The Nigeria Centre for Disease Control and Prevention (NCDC) has said that Edo, Ondo, and Bauchi states account for 84 per cent of Lassa fever infections in the country.
The Director-General, NCDC, Dr Ifedayo Adetifa, said this in an Interview with the News Agency of Nigeria (NAN) on Sunday in Abuja.
Adetifa said that between January 2 and January 15, the country recorded 369 suspected cases of Lassa fever.
He said out of which 105 were confirmed positive from 30 LGAs in 10 states.
- 20th Daily Trust Dialogue: Experts to analyse presidential promises
- China records nearly 13,000 COVID deaths in a week
The NCDC said that the 10 states were Ondo, Edo, Ebonyi, Bauchi, Benue, Kogi, Imo, Oyo, Plateau and Nasarawa States.
He said that there had been seven deaths with a Case Fatality Rate (CFR) of 6.7 per cent in the country.
He said that since 2017, the NCDC, through the Lassa Fever Technical Working Group (TWG), had been offering support to all states and responding to Lassa fever, especially the high-burden states of Edo, Ebonyi and Ondo.
According to Adetifa, at the end of November 2022 and ahead of the projected rise of Lassa fever cases, the NCDC prepositioned supplies for case management, infection prevention and control and laboratory diagnosis, among others in all historical Lassa fever hotspots, including Edo.
He said that in December 2022, the agency in collaboration with partners, Federal and state-level stakeholders successfully conducted the finalisation and validation of a five-year strategic plan to reduce the Lassa fever fatality ratio in Nigeria to less than 10 per cent.
The NCDC boss said that in the last six years of the Lassa fever response in the country, there had been an establishment of Public Health Emergency Operations Centres (PHEOC) to ensure effective multi-sectoral coordination for early containment of outbreaks.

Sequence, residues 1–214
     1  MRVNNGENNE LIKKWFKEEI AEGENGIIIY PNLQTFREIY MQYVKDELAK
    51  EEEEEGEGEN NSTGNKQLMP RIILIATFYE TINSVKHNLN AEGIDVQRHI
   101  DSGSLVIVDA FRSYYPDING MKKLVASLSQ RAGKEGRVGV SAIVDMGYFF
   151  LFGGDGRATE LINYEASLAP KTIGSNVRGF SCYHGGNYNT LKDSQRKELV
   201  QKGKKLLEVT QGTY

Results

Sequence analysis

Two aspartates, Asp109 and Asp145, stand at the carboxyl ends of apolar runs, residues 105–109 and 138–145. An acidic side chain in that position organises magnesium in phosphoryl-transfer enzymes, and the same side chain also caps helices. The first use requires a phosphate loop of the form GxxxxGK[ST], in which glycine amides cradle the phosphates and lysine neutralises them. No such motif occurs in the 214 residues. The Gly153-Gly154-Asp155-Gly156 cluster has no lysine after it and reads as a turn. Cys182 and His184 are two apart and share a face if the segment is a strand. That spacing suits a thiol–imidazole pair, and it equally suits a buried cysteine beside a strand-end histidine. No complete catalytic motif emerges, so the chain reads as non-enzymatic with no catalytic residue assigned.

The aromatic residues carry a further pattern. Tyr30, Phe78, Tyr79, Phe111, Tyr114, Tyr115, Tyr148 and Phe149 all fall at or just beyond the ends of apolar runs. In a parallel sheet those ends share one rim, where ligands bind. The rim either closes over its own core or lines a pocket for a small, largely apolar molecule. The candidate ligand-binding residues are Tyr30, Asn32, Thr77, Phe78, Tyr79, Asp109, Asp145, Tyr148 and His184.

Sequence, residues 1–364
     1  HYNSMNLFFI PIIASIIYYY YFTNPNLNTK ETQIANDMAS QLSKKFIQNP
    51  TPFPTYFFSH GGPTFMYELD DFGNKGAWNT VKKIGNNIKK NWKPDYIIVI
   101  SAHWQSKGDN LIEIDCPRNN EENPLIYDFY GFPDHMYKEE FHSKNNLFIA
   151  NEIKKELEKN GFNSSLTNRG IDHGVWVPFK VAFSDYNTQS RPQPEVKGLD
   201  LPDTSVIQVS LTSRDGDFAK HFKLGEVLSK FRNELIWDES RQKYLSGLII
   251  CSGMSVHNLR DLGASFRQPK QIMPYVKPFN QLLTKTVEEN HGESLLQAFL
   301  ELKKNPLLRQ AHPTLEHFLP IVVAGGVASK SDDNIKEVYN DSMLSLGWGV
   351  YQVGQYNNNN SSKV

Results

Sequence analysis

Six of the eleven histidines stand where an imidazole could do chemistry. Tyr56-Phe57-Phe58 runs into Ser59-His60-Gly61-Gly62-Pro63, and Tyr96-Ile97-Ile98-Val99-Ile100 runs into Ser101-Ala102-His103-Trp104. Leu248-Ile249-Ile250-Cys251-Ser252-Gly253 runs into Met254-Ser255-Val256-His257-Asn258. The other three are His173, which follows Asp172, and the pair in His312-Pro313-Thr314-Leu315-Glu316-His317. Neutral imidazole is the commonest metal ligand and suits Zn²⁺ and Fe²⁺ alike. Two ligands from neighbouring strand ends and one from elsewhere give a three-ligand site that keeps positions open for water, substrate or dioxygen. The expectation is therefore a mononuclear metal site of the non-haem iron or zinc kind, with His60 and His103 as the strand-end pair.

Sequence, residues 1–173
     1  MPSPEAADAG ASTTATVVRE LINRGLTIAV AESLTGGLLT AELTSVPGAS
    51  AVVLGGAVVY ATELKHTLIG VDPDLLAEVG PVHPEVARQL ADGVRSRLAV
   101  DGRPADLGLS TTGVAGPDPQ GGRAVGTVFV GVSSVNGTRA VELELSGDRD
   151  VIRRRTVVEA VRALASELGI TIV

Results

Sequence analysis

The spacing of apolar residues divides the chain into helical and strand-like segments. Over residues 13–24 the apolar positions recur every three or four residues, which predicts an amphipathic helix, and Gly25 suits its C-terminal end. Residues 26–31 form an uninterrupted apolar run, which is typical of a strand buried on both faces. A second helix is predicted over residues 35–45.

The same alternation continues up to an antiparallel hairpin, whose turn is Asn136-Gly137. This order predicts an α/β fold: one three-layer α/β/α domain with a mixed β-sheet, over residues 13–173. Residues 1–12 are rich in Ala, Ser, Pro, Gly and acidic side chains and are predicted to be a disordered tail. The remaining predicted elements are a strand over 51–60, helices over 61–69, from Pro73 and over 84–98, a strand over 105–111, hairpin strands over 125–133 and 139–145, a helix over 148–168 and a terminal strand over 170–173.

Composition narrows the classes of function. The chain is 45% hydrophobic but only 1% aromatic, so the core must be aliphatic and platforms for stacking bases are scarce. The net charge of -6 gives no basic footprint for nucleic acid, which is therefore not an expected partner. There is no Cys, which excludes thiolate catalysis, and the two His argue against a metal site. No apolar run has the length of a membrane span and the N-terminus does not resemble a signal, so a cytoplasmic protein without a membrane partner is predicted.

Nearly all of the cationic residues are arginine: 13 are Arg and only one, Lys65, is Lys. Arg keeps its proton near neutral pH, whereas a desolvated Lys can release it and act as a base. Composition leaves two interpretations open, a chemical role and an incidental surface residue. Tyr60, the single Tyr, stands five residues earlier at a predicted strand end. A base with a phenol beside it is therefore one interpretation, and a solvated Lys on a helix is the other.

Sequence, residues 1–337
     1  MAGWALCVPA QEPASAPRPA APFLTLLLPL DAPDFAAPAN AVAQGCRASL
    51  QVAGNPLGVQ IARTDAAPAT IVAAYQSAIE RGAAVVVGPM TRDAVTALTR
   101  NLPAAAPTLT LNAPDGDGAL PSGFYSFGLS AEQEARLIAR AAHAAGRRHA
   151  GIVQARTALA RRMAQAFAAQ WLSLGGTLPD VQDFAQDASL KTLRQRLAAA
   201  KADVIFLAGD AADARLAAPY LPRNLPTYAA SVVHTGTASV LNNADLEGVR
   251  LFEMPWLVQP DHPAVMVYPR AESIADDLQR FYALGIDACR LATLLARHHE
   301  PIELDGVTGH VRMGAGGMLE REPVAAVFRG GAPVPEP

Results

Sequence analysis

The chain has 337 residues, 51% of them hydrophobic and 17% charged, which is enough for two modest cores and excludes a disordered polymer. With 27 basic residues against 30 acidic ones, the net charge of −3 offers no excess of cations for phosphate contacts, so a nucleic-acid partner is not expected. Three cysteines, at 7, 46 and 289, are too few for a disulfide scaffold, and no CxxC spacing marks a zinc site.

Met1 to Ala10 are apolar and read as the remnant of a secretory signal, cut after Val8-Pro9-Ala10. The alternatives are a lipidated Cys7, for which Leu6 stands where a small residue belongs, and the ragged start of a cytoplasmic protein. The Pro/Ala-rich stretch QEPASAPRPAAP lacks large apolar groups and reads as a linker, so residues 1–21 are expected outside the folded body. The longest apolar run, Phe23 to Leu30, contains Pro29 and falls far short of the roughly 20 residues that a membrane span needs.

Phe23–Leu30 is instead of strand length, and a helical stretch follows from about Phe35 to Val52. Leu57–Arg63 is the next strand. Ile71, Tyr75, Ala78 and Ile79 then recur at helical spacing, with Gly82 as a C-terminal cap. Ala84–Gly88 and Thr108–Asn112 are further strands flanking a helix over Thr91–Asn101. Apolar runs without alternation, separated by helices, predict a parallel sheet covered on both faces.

Adetifa, therefore, advised Nigerians to reduce the risk of Lassa fever infection and keep their environment clean always.
“Block all holes in your house to prevent rats from entering. Cover your dustbins and dispose of refuse properly.
“Communities should set up dump sites very far from their homes to reduce the chances of having rodents within their homes. Store foodstuff like rice, garri, (cassava flakes) beans, corn/maize etc in containers that are well covered with tight-fitting lids,” he said.
He said that Nigerians should avoid drying foodstuff outside on the ground or roadside where it would be at risk for contamination and also avoid bush burning which could lead to the displacement of rats from bushes to human dwellings.
“Eliminate rats in homes and communities by setting rat traps and other available means. Practice good personal and hand hygiene by frequently washing hands with soap under running water /or use of hand sanitisers when appropriate,” he explained.
He also advised Nigerians to visit the nearest health facility if they notice any of the signs and symptoms associated with Lassa fever as mentioned earlier. (NAN)